Do you recall when I linked New Scientist's April Fools article on poltergeist phenomena?
When I first saw that, I was angry, because I had heard of the decline in New Scientist's quality, but I didn't know it had gone so far. Then I realized when the article was dated.
But then, the poltergeist study is a real study, published in the real pseudoscience journal called Neuroquantology! Perhaps New Scientist really has declined in standards?
It turns out that it was all a double April Fools joke. They fooled us into thinking it was made up, while simultaneously mocking pseudoscience.
I read some of the comments on the New Scientist article, and it seems a lot of people were fooled in different ways. A lot of people think that because the poltergeist study was real, that New Scientist was seriously condoning it. Others are fooled into thinking that the "poltergeist phenomena" is in some way legitimate!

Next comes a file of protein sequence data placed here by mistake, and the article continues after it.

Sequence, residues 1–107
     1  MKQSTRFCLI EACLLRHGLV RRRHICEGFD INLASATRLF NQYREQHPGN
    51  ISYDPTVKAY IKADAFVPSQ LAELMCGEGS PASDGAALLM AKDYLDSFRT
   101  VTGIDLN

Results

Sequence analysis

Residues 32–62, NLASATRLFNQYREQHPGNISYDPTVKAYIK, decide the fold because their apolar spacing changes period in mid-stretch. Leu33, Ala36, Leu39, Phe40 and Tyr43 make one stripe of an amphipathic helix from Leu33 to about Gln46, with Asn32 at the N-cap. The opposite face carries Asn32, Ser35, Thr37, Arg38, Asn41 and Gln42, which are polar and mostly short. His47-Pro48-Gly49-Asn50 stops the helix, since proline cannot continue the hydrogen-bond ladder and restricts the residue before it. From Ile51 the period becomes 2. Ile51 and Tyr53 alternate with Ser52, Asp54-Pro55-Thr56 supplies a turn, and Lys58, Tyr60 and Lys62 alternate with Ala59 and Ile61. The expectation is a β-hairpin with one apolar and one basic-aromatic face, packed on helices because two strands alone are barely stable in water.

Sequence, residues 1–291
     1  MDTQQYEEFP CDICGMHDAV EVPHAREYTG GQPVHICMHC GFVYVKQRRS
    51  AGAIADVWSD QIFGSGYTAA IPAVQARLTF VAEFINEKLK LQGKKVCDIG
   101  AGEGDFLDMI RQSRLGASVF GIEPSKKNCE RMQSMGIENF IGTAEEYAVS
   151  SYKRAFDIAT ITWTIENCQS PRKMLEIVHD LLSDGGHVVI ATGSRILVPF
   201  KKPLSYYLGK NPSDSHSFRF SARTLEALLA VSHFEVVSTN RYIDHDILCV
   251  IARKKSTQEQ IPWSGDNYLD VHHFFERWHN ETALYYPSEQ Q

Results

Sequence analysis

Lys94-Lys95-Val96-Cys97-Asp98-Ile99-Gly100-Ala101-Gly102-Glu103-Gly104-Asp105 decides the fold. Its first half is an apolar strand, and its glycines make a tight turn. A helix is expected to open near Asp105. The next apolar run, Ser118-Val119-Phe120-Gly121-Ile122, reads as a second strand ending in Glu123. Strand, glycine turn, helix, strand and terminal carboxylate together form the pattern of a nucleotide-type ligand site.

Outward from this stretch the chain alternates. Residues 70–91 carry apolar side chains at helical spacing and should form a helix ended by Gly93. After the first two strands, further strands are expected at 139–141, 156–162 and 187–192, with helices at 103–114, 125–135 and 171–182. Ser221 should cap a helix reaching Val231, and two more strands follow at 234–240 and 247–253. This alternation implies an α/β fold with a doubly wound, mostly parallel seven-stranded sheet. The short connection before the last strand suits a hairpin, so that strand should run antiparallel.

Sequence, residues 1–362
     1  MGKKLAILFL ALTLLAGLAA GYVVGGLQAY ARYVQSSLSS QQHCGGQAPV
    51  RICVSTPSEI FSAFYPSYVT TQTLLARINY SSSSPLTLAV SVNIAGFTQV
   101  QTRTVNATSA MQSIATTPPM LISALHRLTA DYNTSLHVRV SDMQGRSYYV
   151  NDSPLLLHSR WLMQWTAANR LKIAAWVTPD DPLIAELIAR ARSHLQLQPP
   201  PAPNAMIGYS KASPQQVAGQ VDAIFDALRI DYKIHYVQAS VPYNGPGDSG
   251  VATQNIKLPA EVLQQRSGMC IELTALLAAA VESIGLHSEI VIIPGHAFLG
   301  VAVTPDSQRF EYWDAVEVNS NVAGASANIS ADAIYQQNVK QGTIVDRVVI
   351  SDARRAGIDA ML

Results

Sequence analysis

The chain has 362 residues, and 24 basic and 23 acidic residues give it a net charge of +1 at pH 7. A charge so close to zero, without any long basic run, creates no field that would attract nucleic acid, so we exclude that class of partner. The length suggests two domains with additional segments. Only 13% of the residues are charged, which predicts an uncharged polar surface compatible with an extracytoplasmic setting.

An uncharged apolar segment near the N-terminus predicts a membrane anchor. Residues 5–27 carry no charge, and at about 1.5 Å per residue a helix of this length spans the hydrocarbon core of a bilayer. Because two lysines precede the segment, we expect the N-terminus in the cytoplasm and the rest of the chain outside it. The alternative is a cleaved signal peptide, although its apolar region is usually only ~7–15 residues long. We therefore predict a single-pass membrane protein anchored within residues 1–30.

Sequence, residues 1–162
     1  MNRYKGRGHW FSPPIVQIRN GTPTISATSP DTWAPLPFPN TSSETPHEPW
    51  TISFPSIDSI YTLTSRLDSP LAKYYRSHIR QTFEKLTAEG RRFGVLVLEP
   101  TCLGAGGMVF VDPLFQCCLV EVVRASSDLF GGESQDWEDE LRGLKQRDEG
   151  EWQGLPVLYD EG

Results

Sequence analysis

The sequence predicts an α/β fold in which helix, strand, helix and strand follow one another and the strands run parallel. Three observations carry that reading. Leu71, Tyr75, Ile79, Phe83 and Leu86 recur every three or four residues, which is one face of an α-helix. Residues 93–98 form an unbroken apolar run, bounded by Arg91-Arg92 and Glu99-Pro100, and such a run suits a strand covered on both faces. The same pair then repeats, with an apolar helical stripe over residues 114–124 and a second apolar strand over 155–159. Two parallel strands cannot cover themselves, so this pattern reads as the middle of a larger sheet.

So if I'm an advocate for truth, why aren't I trying to stop this evil holiday? People are celebrating misinformation! Surely, whatever fun we might derive from April Fools is outweighed by the small group of people who go on to be misinformed year-round.
But that's completely the wrong way to go about it. There will always be misinformation. Someone is always wrong on the internet. To combat it, we shouldn't just ignore misinformation in hopes that it will stop forming. We should learn how to recognize it. April Fools day teaches a valuable lesson in critical thinking: don't trust everything you read!
Oh, and I'm not just saying this because I like April Fools. I would totally be the grinch who stole April Fools if I weren't convinced that it promoted critical thinking. I'm actually a relatively serious guy (case in point: see title) who has to mooch off of New Scientist for a April Fools joke. Look at me: I am serious :-[
Ok, I'm not really serious :-)